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Obstet Gynecol. 2001 May;97(5 Pt 1):770-5.

Anal sphincter damage after vaginal delivery using three-dimensional endosonography.

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  • 1Department of Intestinal Imaging, St. Mark's Hospital, Harrow, Middlesex, United Kingdom.



To determine the incidence and functional consequences of external sphincter trauma compared with other perineal structures using a novel imaging technique, three-dimensional endosonography.


Fifty-five nulliparous women (mean age 30 years, range 18--47 years) had three-dimensional anal endosonography, anal manometry, and questionnaire assessment of continence at a median gestation of 33 weeks (23--42 weeks) and 10 weeks (7--22 weeks) after delivery.


There was ultrasound evidence of postpartum trauma in 13 of 45 women who had a vaginal delivery (29%, confidence interval [CI] 16%, 44%), involving the external sphincter in five (11%, CI 4%, 24%), the puboanalis in nine (20%, CI 10%, 35%), and the transverse perineii in three (7%, CI 1%, 18%). In four, more than one structure was damaged. External sphincter trauma was associated with a significant decrease in squeeze pressure (P =.035) and an increase in incontinence score (P =.02) compared with those without trauma. Tears to the puboanalis or transverse perineii only did not affect pressure or incontinence scores. Coronal imaging of the external anal sphincter was a useful adjunct to the assessment of trauma.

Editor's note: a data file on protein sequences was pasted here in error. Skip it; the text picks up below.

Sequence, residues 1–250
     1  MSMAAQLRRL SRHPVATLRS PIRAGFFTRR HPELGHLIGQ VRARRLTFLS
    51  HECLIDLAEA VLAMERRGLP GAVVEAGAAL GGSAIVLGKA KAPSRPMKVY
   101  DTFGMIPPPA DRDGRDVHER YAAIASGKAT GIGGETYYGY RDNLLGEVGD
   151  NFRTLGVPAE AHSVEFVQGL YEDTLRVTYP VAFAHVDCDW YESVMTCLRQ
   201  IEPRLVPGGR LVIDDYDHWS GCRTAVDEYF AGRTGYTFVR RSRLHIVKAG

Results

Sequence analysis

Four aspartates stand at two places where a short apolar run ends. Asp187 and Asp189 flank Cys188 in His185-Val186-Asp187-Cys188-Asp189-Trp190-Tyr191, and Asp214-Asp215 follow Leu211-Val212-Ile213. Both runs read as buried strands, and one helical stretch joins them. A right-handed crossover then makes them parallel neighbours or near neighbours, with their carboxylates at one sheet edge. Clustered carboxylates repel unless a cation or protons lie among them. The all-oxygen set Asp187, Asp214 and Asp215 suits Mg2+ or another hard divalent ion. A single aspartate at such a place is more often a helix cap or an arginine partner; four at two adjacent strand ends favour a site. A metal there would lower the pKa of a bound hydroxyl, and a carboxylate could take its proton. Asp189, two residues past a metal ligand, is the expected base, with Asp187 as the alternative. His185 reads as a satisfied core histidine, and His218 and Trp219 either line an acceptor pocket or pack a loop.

The overall incidence of trauma to the sphincter complex was similar to that of previous reports, although actual damage to the external sphincter was less common and represented the only functionally significant component.

[PubMed - indexed for MEDLINE]
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